Improving spatial assessment of vulnerability to urban heat stress: Developing a Heat Vulnerability Index for Greater Manchester

  • Charlotte Brown

Student thesis: Phd


UK average summertime temperatures have increased over the last 20 years. Climate change is also projected to cause increases in average and extreme summer temperatures. High temperatures have a number of associated negative impacts for individuals. Heat stress among humans can cause both mortality and morbidity. The UK experiences regular heat related excess mortality. Moreover, warm temperatures have also been associated with a lack of sleep and lower productivity at work. Overheating in homes, contributes to these negative effects by exposing individuals to higher temperatures. Overheating is an emerging problem for the UK housing stock, which is maladapted for rising temperature. Furthermore, cities are a place of elevated risk due to the added pressure of the Urban Heat Island effect. A number of adaptation measures can be used to reduce the negative impacts associated with heat. However, vulnerability to heat varies significantly among individuals and is a result of many interlinking factors. Socio-demographic characteristics, health, economic status, an individual’s home, and where that homes is located can all modify their vulnerability. Understanding this vulnerability is paramount to successful adaptation and building resilience. Tools such as Heat Vulnerability Indexes or other spatial vulnerability assessments can help to identify spatial patterns of vulnerability and where the most vulnerable people reside for prioritisation of adaptation and responses during high temperatures. This thesis improves the process of developing such assessments by addressing three specific gaps which are identified in past studies and using Greater Manchester as a case study. It firstly improves the way in which intra-urban outdoor exposure variation is spatially represented in these assessments. Land use regression modelling is used to replace past over reliance on land surface temperatures. Empirical air temperature data and 14 different land use and land cover variables were used to create statistical models of air temperature. These were used to predict air temperature; these predictions were in turn used within the Heat Vulnerability Index. This greatly improved the way in which local variations of outdoor exposure are assessed. Models with an R2 of over 0.9 and RMSE of as low as 0.13 °C were developed. Next the work addresses a second gap, namely the underrepresentation of homes as a modifier to heat vulnerability within indexes. To do this, firstly a specific review of overheating in homes is presented, this provides a concise overview of the current knowledge of overheating in homes, and identifies characteristics of homes which have been highlighted by other studies to increase the homes propensity to overheat. These characteristics are then used to assess the risk of overheating spatially across the area. Here, a novel method of mapping these characteristics is presented and the results for GM are discussed. Finally, improvements are made upon past methods of constructing composite indexes, presenting a method that better and more transparently deals with co-variance within the indicators, and used an evidence-based approach to indicator weighting. Overall, a Heat 18 Vulnerability Index for Greater Manchester is developed and presented using novel indicators and an improved method of index construction. The index assesses vulnerability at the census unit of Lower Super Output Area, across the metropolitan region of Greater Manchester. This index shows large spatial variation in overall vulnerability across the region, as well as spatial differences in the drivers of vulnerability. The local authorities of Manchester and Salford are highlighted as particularly vulnerable.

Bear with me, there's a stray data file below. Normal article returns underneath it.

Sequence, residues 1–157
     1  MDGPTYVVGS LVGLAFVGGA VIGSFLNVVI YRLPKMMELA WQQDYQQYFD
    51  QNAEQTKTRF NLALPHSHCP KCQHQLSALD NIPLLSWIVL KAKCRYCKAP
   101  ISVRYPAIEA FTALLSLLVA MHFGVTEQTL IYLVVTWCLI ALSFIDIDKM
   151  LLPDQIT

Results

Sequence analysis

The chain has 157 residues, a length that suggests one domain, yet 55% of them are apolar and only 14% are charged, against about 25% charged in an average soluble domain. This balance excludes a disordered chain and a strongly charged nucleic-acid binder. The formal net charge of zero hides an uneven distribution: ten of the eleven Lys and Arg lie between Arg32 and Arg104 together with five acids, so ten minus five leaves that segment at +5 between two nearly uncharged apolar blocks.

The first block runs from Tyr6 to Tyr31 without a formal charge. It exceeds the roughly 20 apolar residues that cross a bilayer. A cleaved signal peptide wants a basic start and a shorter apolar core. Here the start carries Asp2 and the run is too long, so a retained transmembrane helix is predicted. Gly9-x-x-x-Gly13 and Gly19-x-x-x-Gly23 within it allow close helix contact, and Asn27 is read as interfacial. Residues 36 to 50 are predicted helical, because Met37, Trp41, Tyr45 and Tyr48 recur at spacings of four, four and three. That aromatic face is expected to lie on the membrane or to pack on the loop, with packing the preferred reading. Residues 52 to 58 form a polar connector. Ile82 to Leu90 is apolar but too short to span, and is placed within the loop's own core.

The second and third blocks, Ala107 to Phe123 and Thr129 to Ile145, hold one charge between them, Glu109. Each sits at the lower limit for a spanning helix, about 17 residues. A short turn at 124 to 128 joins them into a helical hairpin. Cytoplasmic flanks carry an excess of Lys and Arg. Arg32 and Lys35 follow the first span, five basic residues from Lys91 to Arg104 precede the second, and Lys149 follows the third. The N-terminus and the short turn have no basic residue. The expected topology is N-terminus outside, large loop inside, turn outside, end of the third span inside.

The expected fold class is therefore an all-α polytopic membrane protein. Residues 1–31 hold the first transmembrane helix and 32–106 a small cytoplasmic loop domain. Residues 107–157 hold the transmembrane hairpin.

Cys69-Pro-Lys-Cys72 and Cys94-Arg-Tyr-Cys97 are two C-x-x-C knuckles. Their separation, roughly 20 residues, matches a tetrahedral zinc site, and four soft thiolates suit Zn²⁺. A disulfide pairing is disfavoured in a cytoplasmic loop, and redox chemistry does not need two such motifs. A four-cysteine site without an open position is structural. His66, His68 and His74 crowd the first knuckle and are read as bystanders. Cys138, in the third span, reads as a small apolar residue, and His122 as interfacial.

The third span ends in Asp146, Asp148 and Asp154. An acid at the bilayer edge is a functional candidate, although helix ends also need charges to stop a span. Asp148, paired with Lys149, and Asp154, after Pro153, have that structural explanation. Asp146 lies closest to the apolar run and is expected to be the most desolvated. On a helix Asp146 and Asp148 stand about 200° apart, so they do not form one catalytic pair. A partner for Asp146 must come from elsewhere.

Date of Award31 Dec 2022
Original languageEnglish
Awarding Institution
  • The University of Manchester
SupervisorSarah Mander (Supervisor) & Ruth Wood (Supervisor)


  • Spatial risk assessment
  • Urban Heat resilience
  • Climate Change
  • Climate vulnerability

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